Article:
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8 April 2016updated 09 Sep 2021 1:14pm

How significant are David Cameron’s offshore shares?

Six thoughts on the Prime Minister's admission he held shares in his father's fund.

By Henry Zeffman Henry Zeffman

This is undoubtedly deeply embarrassing for Cameron…

The Prime Minister’s admission yesterday evening that he had held shares in his father’s Panama-registered fund, Blairmore, is without question a big deal. And, because of Number 10’s poor media management since the so-called ‘Panama Papers’ emerged on Sunday night, it is an even bigger deal than it otherwise might have been.

Rather than having his spokesperson initially insist his financial arrangements are a ‘private matter’, the Prime Minister should have said early on Monday what he said last night: that he held shares in his father’s offshore fund until 2010, paying full income tax on the dividends, and then sold them. Instead, the quintet of statements, each one just a little less opaque than the last, made the Prime Minister look not only like he had something to hide, but that he felt entitled to hide it too.

What is particularly peculiar about this behaviour is that shareholders in the Blairmore fund did not actually personally avoid tax. On the evidence available so far, this is probably not quite an example of the “aggressive tax avoidance” that George Osborne described in his 2012 Budget speech as “morally repugnant” – though to many the use of an offshore fund is enough to make it wrong.

But throughout the week the Prime Minister has fomented the perception that he benefitted from tax avoidance. It’s that perception which will linger. 

…but it may only entrench existing attitudes

The really interesting polling data in the coming days will not be about how the country perceives tax avoidance – we know that it disapproves – but whether people are surprised that David Cameron was involved with a fund that minimised its tax liabilities. As Labour has found at almost every election it has contested since its humiliation in Crewe and Nantwich in 2008, it is not enough to point at an Eton-educated Tory and shout ‘Toff’ at the top of your voice.

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Voters have been aware of David Cameron’s privileged background since he became Leader of the Opposition over a decade ago: those who voted for him either don’t care or they do care but they care about other factors more. It will be interesting to have a sense of whether tax avoidance is already ‘priced in’ to that calculus – that is, whether it entrenches opposition amongst those already opposed to Cameron, while failing to surprise or irk those who support him and the Conservatives. It’s possible that some Conservative supporters are surprised and disappointed and withdraw their support; it’s also possible that many are disappointed but not surprised and care more about the deficit anyway.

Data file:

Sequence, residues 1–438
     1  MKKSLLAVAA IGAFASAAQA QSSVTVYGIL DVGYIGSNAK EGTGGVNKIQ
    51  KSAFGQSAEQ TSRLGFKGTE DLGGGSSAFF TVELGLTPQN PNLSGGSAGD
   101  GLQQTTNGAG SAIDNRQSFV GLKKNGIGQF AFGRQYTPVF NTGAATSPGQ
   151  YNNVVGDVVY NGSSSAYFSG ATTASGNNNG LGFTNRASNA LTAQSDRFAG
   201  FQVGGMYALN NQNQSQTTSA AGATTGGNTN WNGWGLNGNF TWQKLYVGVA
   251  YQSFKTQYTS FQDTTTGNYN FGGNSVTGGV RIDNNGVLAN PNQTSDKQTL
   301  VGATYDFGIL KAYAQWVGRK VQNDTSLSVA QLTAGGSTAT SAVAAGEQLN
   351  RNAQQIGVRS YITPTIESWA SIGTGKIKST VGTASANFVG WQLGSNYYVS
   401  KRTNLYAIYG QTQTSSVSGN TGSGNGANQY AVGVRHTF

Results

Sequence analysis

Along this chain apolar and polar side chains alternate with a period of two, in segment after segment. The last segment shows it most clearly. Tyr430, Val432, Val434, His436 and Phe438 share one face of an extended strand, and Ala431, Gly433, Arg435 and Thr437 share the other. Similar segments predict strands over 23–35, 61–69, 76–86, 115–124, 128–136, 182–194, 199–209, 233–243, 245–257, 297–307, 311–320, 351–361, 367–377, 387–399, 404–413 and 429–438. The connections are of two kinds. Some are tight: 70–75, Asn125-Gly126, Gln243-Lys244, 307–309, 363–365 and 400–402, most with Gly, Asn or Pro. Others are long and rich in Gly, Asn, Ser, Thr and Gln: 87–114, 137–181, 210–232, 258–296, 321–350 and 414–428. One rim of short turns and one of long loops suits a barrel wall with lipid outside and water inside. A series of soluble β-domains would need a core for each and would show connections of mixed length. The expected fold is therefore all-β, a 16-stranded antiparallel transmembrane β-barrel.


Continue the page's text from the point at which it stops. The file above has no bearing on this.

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Cameron was already finished regardless

A remarkable number of people who follow the twists and turns of politics seem to forget one of the very few facts of which we can be absolutely sure: David Cameron is not standing for another term as Prime Minister. Even if Cameron proves to be profoundly weakened by this row, the next general election will be a verdict on a different Conservative Prime Minister, with different skeletons. And the Labour leader who she or he goes up against will probably still be a man who has shared platforms with the IRA and a series of anti-semites. Even if the stench of tax avoidance contaminates Cameron’s successor, it will be far from the most controversial issue in the 2020 election.

This row may smooth the path to Brexit

However hard Alan Johnson and other Labour politicians may try, David Cameron is and always will be the figurehead of the Remain campaign. This means that two simple statements are true: the more popular David Cameron becomes, the more likely a Remain victory becomes; the more unpopular David Cameron becomes, the more likely a Leave victory becomes.

With Jeremy Corbyn showing little enthusiasm so far for rallying left-wing voters to the pro-EU cause, it matters even more if Labour supporters and sympathisers wavering over how to vote in the referendum find the tax affairs of the main proponent of a Remain vote morally contemptible.

If Labour can’t prosper in these circumstances then the party is in serious trouble

In a month there are elections in London, Scotland and Wales, plus 125 councils and 40 police and crime commissioners.  Each of the different contests, especially those to the devolved assemblies, have their own unique complexities, but they also all play out against a national backdrop.

The Cabinet, the Conservative parliamentary party and the party grassroots are all split over Europe. The Prime Minister’s moral integrity is being questioned. The Chancellor’s budget was a disaster. The Work and Pensions secretary resigned after accusing the government of putting politics before the national interest. This is probably as messy as it could have got just a year after Cameron won his unexpected majority. Labour ought to be capable of capitalising.

British politics is remarkably clean

For all its significance, this row is about the legal use of an offshore fund. In other countries, the Panama Papers suggest far worse: the systematic enrichment of individuals close to corrupt rulers. David Cameron deserves all the scrutiny he gets, but we have it pretty good.